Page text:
Health and Fitness Tips of the Month: September

Posted: 13 September 2017 at 10:06 am | Author: Alison German


When somebody or something makes you unhappy, you have two choices. You can dwell on hurtful events and situations, or you can accept what has happened and focus on moving forward. It’s easy to hold onto resentment, but studies show that forgiveness can lead to a range of health benefits. These include healthier relationships, less anxiety and stress, greater psychological wellbeing, and higher self-esteem. By comparison, holding onto a grudge risks bringing anger and bitterness into your relationships with others. You risk becoming so wrapped up in negativity that you’re unable to see the bright side in anything.

Choosing to let go of resentment is not about forgetting that something painful has occurred, or about condoning bad behaviour. It is about taking responsibility over your feelings and putting yourself before those who have hurt you. Next time you’re feeling angry at someone or something, ask yourself whether it’s really worth sacrificing your health over. Instead: put it behind you and focus on your own happiness.

Eye health

Did you know the average blink lasts for about 1/10 of a second? Looking after our eyes is very important. One way to make sure your eyes are healthy is regular eye tests. The suggested time frame for our eyes to be tested is every two years; this can differ depending on age and eye conditions.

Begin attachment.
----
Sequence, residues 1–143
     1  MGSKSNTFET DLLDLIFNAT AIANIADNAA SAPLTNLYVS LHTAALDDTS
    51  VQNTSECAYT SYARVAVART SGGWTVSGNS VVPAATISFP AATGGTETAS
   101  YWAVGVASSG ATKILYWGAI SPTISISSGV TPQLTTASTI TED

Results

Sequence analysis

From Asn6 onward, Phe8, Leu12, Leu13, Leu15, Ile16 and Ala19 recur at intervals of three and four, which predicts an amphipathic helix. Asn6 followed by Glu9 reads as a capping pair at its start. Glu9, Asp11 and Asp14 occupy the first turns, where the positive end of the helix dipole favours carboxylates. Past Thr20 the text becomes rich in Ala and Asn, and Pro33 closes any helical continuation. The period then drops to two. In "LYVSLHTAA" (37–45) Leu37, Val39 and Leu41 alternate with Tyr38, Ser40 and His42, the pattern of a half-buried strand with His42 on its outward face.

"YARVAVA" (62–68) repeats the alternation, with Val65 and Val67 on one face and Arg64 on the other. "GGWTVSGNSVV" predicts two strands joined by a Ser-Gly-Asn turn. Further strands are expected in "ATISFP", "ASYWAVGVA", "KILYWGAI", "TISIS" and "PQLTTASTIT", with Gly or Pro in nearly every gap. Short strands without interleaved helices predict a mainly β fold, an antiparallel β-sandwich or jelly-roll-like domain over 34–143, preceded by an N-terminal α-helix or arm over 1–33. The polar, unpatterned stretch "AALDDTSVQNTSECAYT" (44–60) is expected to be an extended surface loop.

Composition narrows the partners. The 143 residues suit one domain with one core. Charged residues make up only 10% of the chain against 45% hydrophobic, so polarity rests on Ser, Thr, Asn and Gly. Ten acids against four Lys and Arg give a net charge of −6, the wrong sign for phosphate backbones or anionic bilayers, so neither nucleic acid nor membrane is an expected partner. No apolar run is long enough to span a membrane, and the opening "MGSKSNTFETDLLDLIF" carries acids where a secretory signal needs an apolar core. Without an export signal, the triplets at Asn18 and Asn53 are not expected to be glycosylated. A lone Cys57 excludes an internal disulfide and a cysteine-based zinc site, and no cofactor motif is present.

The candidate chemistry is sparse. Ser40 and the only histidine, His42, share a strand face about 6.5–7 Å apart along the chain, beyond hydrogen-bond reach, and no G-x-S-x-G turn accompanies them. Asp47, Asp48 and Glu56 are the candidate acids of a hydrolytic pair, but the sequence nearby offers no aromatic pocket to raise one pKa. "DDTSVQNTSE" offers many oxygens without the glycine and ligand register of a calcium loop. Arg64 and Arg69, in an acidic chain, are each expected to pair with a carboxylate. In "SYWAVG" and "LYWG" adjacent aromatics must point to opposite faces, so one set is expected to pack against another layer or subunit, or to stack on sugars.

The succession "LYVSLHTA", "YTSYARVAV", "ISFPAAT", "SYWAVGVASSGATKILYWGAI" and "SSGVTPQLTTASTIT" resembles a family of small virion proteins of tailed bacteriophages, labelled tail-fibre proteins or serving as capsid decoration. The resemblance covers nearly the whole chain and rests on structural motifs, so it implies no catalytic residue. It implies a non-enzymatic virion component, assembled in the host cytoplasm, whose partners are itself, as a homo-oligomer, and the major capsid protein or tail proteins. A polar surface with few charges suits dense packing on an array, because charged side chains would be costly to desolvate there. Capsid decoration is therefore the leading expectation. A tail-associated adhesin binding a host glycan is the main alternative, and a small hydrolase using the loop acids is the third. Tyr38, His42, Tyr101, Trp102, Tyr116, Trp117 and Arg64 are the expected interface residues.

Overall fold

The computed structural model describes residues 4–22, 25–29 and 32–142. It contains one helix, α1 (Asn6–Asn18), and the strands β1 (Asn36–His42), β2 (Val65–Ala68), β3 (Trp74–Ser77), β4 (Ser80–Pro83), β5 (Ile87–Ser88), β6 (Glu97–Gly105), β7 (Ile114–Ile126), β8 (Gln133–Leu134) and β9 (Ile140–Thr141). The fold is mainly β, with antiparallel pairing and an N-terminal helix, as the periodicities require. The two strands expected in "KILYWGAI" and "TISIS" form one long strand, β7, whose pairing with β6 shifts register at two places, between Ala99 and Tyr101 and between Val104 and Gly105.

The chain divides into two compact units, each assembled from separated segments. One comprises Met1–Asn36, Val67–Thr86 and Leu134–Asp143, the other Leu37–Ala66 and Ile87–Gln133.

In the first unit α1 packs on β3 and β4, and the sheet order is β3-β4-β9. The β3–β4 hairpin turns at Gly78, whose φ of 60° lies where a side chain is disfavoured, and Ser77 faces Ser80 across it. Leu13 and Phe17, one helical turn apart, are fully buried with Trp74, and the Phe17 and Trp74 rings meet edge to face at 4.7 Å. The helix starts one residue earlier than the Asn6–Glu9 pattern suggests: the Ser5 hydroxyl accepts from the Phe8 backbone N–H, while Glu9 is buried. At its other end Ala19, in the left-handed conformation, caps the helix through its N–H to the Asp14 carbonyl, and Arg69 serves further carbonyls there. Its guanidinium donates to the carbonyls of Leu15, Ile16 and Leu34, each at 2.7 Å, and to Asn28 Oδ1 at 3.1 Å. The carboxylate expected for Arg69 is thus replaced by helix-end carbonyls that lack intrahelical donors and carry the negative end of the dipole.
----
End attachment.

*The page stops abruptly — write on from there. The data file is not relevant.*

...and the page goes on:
Some of the different health issues that can occur to the eye are eye disease, eye cancer, conjunctivitis and dry eye. If you think you have a health issue with your eyes seek information and help from your doctor.

If you think you may have a sight issue you can go to your local optician for an eye test which will determine what help you need e.g. Glasses.

For further information please visit the NHS website.


When was the last time you read a good book? If you’d rather be doing something else, you’re not alone. Many people struggle to find the time to read, or find more comfort in television and film; but if you’re part of the 36% of people in England that do not read for pleasure, you could be missing out on a wealth of mental health benefits.

According to a study from the University of Sussex, reading for just six minutes a day can be enough to reduce stress levels by up to 68%. Different from reading short news articles, or your social media messages – sitting down with a book involves long periods of focus and attention, keeping your mind stimulated and boosting concentration in everyday life.

Engaging with the experiences and feelings of others through reading is also associated with higher levels of empathy and improved relationships with others. If you’re looking to revitalise a love of reading, why not take a look at Amazon’s 100 Books to Read in a Lifetime?

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